Hong Kong: that is the world’s most densely populated city, an island of glistening skyscrapers, fashion and fast money, the most expensive real estate in the world against a backdrop of rugged mountains. Right? But the city also has a hidden life, on high and down below. Two fascinating books – as well as the ‘Homes for All’ video that Max Hirsh and Xiaoxuan Lu made for the digital magazine of my talkshow Stadsleven – shine a stark light on Hong Kong’s housing dilemma’s.
We all know Captain Robert Falcon Scott as one of the tragic heroes of the heroic age of polar exploration: in 1912 he reached the South Pole, only to discover that the Norwegian Amundsen had beaten him to it. Scott and his companions did not survive the return trip. Scott’s polar career had already started in 1901, when he set off on a scientific expedition in the legendary ship the Discovery.
The V&A Museum in London is opening a new museum next year specially for Scottish design in Dundee, the fourth largest city of Scotland. The huge building on the river Tay is the outcome of an international competition won by the Japanese architect Kengo Kuma, who is also designing Tokyo’s Olympic stadium for 2020. The V&A is also one of the founding institutions of a new design museum, Design Society, which is to open this October in the Chinese city of Shenzen.
For Harvard Graduate School of Design I wrote a blog about the cycling mayor in Amsterdam.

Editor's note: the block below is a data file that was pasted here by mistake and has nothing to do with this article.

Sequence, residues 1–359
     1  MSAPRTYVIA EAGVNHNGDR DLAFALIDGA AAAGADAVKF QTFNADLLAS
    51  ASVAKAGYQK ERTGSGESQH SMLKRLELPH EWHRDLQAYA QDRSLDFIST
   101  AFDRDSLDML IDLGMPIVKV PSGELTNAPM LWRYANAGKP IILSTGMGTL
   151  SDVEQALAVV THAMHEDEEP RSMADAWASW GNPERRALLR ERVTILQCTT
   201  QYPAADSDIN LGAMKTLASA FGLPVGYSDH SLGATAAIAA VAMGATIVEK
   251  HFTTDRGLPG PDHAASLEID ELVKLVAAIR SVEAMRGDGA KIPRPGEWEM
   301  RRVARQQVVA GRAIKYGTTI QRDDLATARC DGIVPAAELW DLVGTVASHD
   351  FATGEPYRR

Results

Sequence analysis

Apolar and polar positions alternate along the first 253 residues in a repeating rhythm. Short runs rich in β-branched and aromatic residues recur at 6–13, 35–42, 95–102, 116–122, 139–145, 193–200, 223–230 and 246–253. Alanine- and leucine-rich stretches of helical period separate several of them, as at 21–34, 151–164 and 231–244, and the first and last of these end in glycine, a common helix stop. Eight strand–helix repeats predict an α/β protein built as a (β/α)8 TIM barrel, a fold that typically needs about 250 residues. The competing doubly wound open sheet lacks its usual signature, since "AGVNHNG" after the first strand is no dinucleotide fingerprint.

Urban cycling is all the rage in cities nowadays. For tourists it’s a fun way of seeing the city, for locals in cities that are not used to bikes it is a form of transport activism. In Amsterdam, it’s utilitarian; biking is simply the cheapest and quickest way to get around. Not in lycra, but in high heels or a business suit, or with groceries in front and a child in back.
New trend: souvenirs are the new outlet for designers. It dawned on me when I attended a talk by Scottish curator Stacey Hunter at the exhibition design Language during the Milan Designweek about her project Local Heroes in Edinburgh last year. She invited nine designers to create souvenirs that went beyond the heritage clichés. It reminded me of a Dutch project by designer Elmo Vermijs, 100% Terschelling, which is in the running for one of this year’s Dutch Design Awards.
The Spanish artist Fernando Sánchez Castillo is fascinated by power and its counterpart, the abuse of power. And so he is fascinated by dictators, not lastly Spain’s own Franco. I interviewed him earlier this year for NRC about his impressive exhibition in Den Bosch, where he showed a most unusual relic: two of Franco’s eyelashes.
Sánchez was in Amsterdam recently for the Art Weekend. At his gallery Tegenboschvanvreden he showed his most recent project, about a bloody confrontation between students and police in 1968 in the Mexican new town of Tlatelolco.